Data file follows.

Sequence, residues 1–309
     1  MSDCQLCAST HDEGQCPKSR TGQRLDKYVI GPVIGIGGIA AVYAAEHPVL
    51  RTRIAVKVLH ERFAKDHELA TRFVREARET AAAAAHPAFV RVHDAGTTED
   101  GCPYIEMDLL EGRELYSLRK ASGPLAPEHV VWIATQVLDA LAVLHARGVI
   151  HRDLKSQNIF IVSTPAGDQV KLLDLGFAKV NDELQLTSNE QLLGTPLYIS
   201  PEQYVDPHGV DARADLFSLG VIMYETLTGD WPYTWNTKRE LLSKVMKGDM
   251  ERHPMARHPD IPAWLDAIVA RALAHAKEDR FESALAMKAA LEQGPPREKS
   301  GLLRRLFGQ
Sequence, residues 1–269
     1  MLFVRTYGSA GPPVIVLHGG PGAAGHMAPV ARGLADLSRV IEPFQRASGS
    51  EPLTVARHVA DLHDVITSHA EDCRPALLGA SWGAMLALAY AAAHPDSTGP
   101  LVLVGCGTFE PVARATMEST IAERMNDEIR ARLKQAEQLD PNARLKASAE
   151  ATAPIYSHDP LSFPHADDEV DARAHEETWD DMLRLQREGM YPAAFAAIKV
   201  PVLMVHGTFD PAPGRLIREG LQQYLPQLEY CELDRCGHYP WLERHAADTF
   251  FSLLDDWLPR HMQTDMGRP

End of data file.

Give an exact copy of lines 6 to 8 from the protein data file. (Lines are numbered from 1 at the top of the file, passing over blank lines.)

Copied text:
   201  PEQYVDPHGV DARADLFSLG VIMYETLTGD WPYTWNTKRE LLSKVMKGDM
   251  ERHPMARHPD IPAWLDAIVA RALAHAKEDR FESALAMKAA LEQGPPREKS
   301  GLLRRLFGQ